A war of words has broken out between the Chief Minister and Infrastructure Minister after the latter accused the government of being "disingenuous" over the reasons for the resignation of CEO Suzanne Wylie.
Deputy Kristina Moore is coming under increased scrutiny after it was confirmed last week that Mrs Wylie is stepping down from her role as the island's most senior civil servant.
In an interview on Saturday, Infrastructure Minister Tom Binet broke ministerial ranks to describe a "tense atmosphere" within Broad Street, where he said Mrs Wylie needed greater support and a happier working environment.
During last week’s States sitting, Deputy Chief Minister Kirsten Morel told the Assembly that he was unaware of any other future resignations when being asked about the departures of Chief Officer of Health and Community Services, Caroline Landon, and Chief Nurse Rose Naylor. Mrs Wylie’s resignation was announced less than 24 hours later.
Deputy Moore said that while Mrs Wylie had informed her that she intended to resign several days earlier, the announcement could only be made once the resignation had been formalised in writing.
Pictured: Chief Minister Kristina Moore.
The Chief Minister said: ‘Obviously these things take time because there are a number of different issues to deal with and Suzanne asked us to observe strictest confidentiality. We have a duty of care to all of our employees [and] confidentiality is really important.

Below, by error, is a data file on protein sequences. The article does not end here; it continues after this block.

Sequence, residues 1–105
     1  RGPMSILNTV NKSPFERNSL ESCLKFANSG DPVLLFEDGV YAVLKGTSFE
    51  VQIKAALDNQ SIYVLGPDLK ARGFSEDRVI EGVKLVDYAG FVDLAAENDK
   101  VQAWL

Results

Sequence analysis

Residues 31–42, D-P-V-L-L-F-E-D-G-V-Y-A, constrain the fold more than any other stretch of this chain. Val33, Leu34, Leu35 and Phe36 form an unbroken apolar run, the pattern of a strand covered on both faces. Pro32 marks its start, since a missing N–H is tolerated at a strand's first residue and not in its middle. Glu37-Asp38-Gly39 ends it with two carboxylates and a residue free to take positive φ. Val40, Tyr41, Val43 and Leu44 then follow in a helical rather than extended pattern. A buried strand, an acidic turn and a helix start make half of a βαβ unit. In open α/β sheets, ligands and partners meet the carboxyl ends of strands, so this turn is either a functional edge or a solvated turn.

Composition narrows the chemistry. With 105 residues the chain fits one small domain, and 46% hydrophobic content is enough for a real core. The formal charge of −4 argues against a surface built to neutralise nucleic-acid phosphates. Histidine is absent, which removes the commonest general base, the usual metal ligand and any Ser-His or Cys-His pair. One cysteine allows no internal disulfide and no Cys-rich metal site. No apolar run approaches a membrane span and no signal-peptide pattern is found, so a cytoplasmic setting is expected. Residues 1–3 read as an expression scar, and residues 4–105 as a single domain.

Deputy Moore added that she, and her ministerial colleagues, had been ‘shocked’ and ‘saddened by the news’.
"Most people will understand that when it comes to confidential employment matters we have to respect our duty of care to those people. It is important that confidence can be kept but that is not to say we are not being open or transparent."
However, Deputy Binet said the loss of someone as skilled as Mrs Wylie should be seen as an ‘own goal’ and that witnessing the route to her departure had been ‘like watching a slow-motion car crash’.
Pictured: Infrastructure Minister Tom Binet has broken rank to criticise the government over Mrs Wylie's departure
The government have said that Mrs Wylie is resigning for family reasons and will be returning to Belfast. However, Deputy Binet said that he did not believe this to be the case.
He said: "I think it is disingenuous to expect the public to believe the story that she is going back to be closer to family. Clearly, she had committed herself to the Island for the foreseeable future.
"I don’t share in the Chief Minister’s view that we should see this as an opportunity. Rather, we should view this as an own goal and a lost opportunity to build on 12 months’ knowledge and good work."
Pictured: Government CEO Suzanne Wylie is returning to Belfast to become CEO of the Northern Ireland Chamber of Commerce.
Deputy Binet added that more power was held by some than others, and, sitting on the periphery, last week’s events did not come as that much of a surprise.
"We have lost somebody who is, in my view, a first-class, dedicated, easy-to-work-with chief executive," he said. "She is a real asset to this government and to the Island and more than capable of making a significant contribution to resolving the many problems created by the Parker regime.
"In these circumstances, somebody in her position needed support, understanding, assistance and a happy working environment. In my view, some of these requirements were in short supply."
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